WASHINGTON (Reuters) - The Dalai Lama, Tibet’s exiled religious leader — brushed aside by U.S. President Barack Obama in favor of communist China — was saluted at the U.S. Capitol on Tuesday for his work for human rights.
The presentation ceremony underscored Obama’s dilemma in dealing with China, a growing power and the biggest holder of U.S. debt, and the Dalai Lama, a self-described “simple Buddhist monk” who Beijing accuses of seeking to separate Tibet from China.
For the first time in 18 years, the Dalai Lama is visiting Washington this week without stopping by to see the U.S. president.
The decision not to meet the Tibetan leader was made amid efforts to improve U.S.-Chinese relations on issues from stemming global warming to reigning in North Korea’s nuclear weapons.
The Dalai Lama received a human rights award named in honor of the late Tom Lantos, a former chairman of the House of Representatives Foreign Affairs Committee.
In a statement, Representative Ileana Ros-Lehtinen, top Republican on the Foreign Affairs Committee, accused Obama of “kowtowing to Beijing” by refusing to meet with the 74-year-old monk.
House Speaker Nancy Pelosi presented the award to the Dalai Lama and warned: “Unless we speak out for human rights in China and Tibet, we lose moral authority to speak out for human rights anywhere else in the world.”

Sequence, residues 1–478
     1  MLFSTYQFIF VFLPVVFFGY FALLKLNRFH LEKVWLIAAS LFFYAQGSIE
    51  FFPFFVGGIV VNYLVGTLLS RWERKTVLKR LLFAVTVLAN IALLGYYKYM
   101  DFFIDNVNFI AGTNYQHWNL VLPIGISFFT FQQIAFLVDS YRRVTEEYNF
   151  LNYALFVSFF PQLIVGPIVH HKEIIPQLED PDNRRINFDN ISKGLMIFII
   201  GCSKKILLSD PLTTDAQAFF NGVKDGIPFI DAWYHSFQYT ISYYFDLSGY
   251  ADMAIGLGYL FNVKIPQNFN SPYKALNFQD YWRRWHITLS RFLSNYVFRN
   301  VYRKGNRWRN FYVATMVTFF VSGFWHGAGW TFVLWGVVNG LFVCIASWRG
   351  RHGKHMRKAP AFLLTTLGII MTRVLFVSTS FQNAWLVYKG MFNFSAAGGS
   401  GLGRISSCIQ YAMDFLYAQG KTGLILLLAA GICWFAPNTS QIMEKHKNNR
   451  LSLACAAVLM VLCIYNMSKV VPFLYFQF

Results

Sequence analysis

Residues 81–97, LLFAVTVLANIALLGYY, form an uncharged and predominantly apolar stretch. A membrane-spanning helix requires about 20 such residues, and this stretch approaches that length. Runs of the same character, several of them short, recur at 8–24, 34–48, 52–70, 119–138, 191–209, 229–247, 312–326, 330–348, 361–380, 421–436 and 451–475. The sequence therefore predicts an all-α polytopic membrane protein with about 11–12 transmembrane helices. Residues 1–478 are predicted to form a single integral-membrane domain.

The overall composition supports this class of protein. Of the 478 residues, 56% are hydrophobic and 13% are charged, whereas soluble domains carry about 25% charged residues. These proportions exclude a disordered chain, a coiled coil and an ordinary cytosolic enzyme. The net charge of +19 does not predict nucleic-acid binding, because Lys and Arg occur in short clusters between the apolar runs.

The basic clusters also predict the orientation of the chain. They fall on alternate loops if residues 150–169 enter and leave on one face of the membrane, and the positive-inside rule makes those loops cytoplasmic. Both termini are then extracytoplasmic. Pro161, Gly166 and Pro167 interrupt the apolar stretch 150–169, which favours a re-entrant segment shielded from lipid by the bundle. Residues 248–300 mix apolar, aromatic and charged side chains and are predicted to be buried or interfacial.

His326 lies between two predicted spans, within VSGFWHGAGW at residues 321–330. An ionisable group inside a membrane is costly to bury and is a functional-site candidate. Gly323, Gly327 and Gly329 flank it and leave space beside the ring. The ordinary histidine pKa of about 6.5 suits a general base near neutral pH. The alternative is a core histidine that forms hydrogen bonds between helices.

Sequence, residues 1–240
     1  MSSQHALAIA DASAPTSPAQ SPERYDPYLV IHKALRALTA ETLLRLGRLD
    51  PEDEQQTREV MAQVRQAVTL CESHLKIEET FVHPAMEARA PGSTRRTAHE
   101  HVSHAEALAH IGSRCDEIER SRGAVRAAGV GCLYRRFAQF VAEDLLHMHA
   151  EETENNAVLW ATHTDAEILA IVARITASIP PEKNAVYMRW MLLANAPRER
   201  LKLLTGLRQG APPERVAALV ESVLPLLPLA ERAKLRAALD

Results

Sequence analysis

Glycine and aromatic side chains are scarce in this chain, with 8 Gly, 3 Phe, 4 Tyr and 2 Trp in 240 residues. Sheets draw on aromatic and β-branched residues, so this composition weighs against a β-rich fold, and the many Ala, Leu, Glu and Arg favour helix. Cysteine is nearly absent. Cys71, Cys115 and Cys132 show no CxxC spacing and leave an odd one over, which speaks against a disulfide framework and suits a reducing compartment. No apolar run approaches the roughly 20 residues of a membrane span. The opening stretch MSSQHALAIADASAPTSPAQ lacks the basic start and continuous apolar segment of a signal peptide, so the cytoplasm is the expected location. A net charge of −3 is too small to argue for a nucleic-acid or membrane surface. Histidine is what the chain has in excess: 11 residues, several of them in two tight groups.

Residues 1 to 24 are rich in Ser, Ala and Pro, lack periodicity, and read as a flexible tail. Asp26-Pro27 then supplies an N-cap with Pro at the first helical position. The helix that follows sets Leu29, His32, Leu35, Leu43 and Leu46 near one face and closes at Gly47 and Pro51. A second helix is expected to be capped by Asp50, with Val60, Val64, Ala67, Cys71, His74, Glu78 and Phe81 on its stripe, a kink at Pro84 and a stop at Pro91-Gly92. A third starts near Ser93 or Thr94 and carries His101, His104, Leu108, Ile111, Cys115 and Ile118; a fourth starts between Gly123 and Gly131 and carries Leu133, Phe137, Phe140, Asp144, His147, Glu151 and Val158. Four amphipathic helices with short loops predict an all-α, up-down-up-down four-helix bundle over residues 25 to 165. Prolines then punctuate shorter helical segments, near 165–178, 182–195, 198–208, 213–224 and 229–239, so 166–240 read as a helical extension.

China sent its troops into Tibet in 1950, prompting the Dalai Lama to go to India to establish a government in exile. Negotiations between China and the Dalai Lama’s envoys were suspended last year, provoking violence in Tibet.
The White House said that with the agreement of the Dalai Lama, Obama will not meet with him until after the president’s November summit with Chinese leader Hu Jintao.
At the White House, press secretary Robert Gibbs said: “Our relationship with China, having a strong relationship and a good dialogue with them, allows us to talk to them about the cares and concerns of the Tibetan people.”
“We’re fully in support of a meeting (with the Dalai Lama) that will take place later in the year,” Gibbs said.
The Dalai Lama, in remarks at his award ceremony, called United States as a champion of “liberty, freedom, democracy.”
“You must preserve these principles,” he said. “That’s important.”
Republican Senator John McCain, who lost last year’s presidential election to Obama, also spoke at the ceremony, saying: “The Dalai Lama has spent his life in the passionate, tireless and non-violent defense of his people’s right to self-determination and dignity.”
Katrina Lantos Swett, president of the Lantos Foundation for Human Rights and Justice, noted that when Obama was elected last year as the first black U.S. president, he said, “The arc of history is long, but it bends toward justice.”
“These hopeful words should remind us that we cannot simply standby and wait for the arc to bend. We have a duty to use our power and influence to hasten its trajectory,” said Swett, who has called on Obama to meet with the Dalai Lama.